These criminal acts rightfully put a strain on US-Japan relations. During his recent visit to Japan, the President of the United States Obama expressed his "deep regrets" for the rape and murder of a young girl only three years older than his oldest daughter.
Yet President Obama did not express regrets for the continued US occupation of 20 percent of the land of Okinawa 70 years after World War II, nor for the environmental destruction of lands used by US military are evidenced by the recent release of 8,500 pages of reports of pollution, chemical spills and environmental damage on US military bases, most of which was never reported to the Japanese government...
"During the 1998-2015 period, leaks totaled almost 40,000 liters of jet fuel, 13,000 liters of diesel and 480,000 liters of sewage. Of the 206 incidents noted between 2010 and 2014, 51 were blamed on accidents or human error; only 23 were reported to the Japanese authorities. The year 2014 saw the highest number of accidents: 59 -- only two of which were reported to Tokyo."

The very unbalanced, unequal Status of Forces Agreement (SOFA) allows the U.S. military to pollute Okinawan lands and not be required to report the pollution to local authorities nor be required to clean up the damage. The SOFA does not require the US military to report criminal acts committed on US military bases thereby hiding the numbers of violent acts perpetrated there.

Now is the perfect time for the government of Japan to demand to have the SOFA renegotiated to force the US government to accept its responsibilities for damages done by the US military to its people and its lands.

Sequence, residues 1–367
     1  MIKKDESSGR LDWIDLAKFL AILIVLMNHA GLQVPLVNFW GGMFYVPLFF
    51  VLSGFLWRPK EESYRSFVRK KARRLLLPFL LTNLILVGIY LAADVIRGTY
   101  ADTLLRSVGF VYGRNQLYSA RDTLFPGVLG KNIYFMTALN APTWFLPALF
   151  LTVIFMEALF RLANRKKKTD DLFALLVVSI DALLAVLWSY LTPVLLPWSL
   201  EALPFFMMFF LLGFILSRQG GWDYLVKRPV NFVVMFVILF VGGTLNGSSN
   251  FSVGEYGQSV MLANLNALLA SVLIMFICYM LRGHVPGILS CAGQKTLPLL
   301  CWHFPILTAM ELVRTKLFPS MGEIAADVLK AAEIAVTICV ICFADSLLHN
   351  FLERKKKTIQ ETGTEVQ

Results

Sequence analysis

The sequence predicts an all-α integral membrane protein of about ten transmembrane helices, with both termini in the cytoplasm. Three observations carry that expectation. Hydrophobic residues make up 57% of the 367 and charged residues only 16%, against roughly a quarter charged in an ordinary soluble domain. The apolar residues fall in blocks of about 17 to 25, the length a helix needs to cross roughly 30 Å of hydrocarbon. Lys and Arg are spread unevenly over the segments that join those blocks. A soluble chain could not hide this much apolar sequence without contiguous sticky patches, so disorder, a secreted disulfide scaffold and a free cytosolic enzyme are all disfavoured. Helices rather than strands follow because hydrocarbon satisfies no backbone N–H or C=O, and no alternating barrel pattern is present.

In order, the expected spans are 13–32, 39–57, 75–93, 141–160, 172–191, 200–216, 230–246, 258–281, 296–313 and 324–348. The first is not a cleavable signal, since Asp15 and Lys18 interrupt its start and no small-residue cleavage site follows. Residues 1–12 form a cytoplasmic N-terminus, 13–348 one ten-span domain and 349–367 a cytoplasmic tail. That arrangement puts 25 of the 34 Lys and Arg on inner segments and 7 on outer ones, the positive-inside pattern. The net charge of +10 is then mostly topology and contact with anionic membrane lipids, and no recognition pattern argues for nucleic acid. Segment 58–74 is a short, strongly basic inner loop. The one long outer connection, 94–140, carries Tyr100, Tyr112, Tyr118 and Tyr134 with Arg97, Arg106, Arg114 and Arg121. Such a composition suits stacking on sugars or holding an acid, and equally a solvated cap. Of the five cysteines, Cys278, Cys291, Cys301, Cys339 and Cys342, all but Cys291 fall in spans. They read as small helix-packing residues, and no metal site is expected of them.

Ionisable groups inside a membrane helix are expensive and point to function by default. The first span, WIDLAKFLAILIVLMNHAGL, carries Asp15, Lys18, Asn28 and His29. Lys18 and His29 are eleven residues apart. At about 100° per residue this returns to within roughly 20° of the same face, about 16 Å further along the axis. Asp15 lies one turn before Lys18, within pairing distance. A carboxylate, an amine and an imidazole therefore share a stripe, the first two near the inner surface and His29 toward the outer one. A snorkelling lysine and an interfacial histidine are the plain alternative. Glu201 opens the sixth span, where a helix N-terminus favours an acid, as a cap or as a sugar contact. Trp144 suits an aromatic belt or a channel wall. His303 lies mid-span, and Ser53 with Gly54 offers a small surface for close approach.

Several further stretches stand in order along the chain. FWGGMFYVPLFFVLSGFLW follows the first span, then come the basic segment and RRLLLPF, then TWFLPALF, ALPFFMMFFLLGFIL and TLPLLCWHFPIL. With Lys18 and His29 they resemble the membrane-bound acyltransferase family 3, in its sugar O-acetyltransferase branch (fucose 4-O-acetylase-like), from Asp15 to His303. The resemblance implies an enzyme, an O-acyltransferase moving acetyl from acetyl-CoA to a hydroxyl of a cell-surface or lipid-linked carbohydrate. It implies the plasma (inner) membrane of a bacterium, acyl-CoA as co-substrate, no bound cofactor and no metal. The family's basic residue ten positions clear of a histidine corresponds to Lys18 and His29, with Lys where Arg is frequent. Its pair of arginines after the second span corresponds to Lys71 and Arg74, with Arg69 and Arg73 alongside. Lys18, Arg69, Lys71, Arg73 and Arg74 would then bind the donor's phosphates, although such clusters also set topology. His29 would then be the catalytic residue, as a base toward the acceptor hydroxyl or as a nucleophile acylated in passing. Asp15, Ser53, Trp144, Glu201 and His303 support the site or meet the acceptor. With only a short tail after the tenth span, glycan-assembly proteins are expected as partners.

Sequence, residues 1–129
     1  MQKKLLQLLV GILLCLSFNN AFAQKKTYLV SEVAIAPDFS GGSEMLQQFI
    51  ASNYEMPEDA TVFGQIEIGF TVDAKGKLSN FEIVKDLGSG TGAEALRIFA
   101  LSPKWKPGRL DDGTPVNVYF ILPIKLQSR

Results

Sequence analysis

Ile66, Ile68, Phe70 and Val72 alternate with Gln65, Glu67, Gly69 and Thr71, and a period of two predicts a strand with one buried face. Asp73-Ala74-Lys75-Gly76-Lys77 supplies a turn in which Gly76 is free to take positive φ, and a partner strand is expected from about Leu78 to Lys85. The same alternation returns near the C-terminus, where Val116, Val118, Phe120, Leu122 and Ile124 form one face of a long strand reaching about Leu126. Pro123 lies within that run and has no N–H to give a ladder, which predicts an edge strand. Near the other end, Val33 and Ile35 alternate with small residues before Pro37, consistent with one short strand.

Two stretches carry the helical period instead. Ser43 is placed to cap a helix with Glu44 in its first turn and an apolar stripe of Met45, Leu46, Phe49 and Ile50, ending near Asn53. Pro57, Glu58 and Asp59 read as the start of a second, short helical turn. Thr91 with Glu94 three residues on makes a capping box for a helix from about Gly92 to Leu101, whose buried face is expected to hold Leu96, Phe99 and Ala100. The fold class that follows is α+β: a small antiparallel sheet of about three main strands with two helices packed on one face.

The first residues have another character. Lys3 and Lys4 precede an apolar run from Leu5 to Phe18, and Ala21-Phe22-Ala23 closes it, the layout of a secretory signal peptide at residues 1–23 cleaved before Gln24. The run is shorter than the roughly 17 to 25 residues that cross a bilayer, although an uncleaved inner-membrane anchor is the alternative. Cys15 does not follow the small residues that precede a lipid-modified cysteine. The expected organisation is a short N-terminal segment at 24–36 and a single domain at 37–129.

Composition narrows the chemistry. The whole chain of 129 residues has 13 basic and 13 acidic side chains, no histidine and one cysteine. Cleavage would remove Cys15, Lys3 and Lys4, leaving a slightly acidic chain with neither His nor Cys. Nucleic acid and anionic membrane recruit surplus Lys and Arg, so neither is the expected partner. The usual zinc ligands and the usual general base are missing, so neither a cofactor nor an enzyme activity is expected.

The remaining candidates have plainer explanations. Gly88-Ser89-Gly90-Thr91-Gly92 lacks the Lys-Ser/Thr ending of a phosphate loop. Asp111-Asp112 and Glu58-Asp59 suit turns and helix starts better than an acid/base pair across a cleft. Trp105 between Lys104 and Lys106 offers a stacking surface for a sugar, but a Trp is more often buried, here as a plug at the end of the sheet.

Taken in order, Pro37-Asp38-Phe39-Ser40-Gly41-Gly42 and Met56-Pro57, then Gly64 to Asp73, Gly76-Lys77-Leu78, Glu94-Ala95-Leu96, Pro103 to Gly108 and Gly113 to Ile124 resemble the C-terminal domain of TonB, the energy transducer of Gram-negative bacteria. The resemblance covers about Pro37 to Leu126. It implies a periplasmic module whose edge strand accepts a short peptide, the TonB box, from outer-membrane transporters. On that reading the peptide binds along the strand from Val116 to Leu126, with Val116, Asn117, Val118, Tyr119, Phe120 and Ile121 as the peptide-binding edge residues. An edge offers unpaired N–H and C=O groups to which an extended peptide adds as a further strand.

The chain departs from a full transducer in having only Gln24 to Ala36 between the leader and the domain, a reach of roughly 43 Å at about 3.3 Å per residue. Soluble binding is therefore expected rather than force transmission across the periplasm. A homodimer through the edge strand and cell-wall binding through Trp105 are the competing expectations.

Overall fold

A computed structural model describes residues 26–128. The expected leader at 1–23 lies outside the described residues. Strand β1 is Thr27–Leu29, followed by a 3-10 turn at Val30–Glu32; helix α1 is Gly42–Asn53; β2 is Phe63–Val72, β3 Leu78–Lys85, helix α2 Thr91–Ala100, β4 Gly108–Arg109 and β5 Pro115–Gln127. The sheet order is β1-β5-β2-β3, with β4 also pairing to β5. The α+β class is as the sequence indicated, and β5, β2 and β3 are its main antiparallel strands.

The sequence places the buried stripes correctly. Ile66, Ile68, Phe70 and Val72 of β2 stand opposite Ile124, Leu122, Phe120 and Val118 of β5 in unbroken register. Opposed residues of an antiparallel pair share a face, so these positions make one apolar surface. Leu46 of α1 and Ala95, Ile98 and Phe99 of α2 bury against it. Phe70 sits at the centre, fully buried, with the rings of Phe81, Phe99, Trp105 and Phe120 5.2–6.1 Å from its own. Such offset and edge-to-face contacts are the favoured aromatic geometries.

The citizens of Okinawa and the elected leaders of Okinawa have accomplished an unprecedented event -- the suspension, and hopefully, the end of construction of the runways at Henoko. What you have done to challenge both your national government and the US government's attempt to build another military base in the beautiful waters of Ora Bay is remarkable.
I have just visited activists on Jeju Island, South Korea where their eight-year campaign to prevent the construction of a naval base in their pristine waters was not successful. Their efforts were NOT supported by the prefecture government, and now 116 of them and five village organizations are being sued for damages from costs incurred by the slow down of contraction by daily protests that closed the entrance gates to construction trucks.
Again, I want to express my deepest apologies for the actions of a few individuals in the US military for the criminal acts that have occurred, but more importantly tell you that many of us in the United States will continue our struggle to end the 800 US military bases the US has around the world. When compared to only 30 military bases that all the other nations of the world have in lands not their own, the US desire to use the lands of other peoples for its war machine must be stopped and we commit ourselves to continue to work toward that goal.

 

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Ann Wright is a 29-year US Army/Army Reserves veteran, a retired United States Army colonel and retired U.S. State Department official, known for her outspoken opposition to the Iraq War. She received the State Department Award for Heroism in 1997, after helping to evacuate several thousand (more...)